If this is all new to you, it will take time to get your bearings and build up your strength to deal positively with your new life. It will also depend on where in the world you live.
The following suggestions may help:
- Take some time to let the information sink in – unless you have symptoms – ie you feel ill – there is rarely any urgency to starting treatment, however the latest WHO guidelines recommend starting ART treatment as soon as you are diagnosed.
- Ask at the centre that you tested at, where your closest and best HIV doctors work – I know healthcare systems vary greatly in different countries. In the UK Sexual Health Departments can test and diagnose if you are positive, and then arrange for you to see a Sexual Health Advisor who can discuss your diagnosis with you.
- You will need to have a blood test called ‘CD4 T cell count’ to see whether HIV has affected your immune system yet, and a viral load test if it is available in your country.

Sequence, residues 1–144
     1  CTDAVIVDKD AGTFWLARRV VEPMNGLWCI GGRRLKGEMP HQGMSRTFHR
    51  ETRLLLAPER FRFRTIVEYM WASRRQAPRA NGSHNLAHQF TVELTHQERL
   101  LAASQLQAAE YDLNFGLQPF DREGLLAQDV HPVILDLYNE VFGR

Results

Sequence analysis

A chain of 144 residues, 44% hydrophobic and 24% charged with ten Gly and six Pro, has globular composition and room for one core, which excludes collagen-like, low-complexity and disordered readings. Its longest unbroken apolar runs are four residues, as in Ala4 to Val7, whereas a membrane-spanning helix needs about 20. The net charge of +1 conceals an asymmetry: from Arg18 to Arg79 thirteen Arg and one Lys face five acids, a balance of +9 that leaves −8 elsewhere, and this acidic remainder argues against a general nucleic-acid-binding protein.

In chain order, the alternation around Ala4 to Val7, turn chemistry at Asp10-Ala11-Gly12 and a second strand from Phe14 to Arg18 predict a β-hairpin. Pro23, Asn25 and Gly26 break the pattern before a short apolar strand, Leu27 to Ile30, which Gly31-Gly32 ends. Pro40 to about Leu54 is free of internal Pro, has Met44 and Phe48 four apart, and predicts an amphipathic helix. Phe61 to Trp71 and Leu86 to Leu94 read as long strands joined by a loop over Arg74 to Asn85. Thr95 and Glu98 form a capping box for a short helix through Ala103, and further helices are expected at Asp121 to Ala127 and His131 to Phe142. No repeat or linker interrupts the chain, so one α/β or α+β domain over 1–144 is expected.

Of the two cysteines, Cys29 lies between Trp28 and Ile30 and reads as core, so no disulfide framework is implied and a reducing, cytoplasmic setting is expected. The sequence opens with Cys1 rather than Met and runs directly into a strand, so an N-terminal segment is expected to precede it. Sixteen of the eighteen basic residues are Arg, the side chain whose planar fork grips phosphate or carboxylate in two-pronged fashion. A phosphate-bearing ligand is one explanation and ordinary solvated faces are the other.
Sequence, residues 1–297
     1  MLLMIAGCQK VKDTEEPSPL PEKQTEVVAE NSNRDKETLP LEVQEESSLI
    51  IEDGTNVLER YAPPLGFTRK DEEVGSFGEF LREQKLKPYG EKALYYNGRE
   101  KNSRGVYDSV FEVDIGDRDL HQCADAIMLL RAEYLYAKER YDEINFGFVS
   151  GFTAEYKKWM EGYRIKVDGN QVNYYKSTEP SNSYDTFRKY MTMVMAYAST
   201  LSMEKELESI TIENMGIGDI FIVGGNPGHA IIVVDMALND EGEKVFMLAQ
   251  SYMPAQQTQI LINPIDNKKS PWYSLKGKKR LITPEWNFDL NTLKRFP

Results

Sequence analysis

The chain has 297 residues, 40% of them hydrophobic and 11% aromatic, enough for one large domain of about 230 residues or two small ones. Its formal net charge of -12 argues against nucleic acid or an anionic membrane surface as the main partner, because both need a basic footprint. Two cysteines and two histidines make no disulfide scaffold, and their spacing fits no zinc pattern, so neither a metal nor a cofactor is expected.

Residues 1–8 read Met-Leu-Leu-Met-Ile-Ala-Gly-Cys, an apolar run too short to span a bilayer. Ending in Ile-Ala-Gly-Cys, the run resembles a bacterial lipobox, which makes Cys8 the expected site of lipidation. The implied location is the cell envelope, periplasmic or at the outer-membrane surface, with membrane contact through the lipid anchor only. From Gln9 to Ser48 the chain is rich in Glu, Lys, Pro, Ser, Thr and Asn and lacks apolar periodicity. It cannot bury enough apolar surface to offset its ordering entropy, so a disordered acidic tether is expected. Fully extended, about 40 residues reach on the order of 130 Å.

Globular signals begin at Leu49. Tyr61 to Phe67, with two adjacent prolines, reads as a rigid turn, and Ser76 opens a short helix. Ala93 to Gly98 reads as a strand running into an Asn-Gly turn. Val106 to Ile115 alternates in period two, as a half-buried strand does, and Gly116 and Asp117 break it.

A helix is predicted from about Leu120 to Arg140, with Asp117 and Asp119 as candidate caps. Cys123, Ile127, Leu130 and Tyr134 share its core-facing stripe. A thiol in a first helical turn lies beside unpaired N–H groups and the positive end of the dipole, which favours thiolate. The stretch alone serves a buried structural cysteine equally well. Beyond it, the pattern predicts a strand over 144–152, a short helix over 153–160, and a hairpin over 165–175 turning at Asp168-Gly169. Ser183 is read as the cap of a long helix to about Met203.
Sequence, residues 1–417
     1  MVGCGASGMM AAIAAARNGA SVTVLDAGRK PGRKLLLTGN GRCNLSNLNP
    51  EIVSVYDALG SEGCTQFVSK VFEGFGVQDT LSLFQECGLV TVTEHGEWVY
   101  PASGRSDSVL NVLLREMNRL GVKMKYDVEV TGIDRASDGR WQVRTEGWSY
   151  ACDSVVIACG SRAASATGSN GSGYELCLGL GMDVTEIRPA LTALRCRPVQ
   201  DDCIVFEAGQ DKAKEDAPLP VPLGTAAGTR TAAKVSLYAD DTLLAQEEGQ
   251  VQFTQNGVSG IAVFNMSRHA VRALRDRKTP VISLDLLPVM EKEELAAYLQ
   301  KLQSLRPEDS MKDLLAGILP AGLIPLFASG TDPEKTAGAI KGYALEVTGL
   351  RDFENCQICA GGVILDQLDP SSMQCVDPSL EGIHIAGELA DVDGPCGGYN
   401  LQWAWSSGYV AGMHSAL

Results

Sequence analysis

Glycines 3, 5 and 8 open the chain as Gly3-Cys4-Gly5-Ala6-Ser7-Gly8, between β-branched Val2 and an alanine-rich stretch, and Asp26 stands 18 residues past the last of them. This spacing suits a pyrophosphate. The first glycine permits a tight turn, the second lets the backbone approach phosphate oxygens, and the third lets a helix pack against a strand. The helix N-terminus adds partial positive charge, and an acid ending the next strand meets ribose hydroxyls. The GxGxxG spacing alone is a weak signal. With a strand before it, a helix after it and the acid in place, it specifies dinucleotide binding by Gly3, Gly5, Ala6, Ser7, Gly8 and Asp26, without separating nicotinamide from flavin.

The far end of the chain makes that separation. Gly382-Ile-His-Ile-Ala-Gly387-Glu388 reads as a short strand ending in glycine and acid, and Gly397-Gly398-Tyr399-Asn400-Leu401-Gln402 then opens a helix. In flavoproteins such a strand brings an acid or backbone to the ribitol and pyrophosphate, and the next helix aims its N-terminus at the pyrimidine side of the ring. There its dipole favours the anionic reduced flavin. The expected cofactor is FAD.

- Find some good sources of accurate, easy to understand, clear information so you can learn about your diagnosis, and the benefits of treatment, if and when you need it, you can go through the other FAQs on this page, go to the Links page and get good information from those sites. You can also visit our Contact page where you can ask a question or send us a message. Please visit our Blog page where you can read posts from other HIV Poz people about their own stories and issues related.to HIV.
- It is difficult to deal with an HIV diagnosis on your own. Consider telling a close friend that you trust, or see whether there is an HIV support group or organisation in your area. It can help to meet and know other people in a similar situation. Many organisations also offer support services, such as phonelines, where you can talk anonymously, if this is important to you at first.
Things will get easier, although it may take time, remember you are not alone, we are here to help.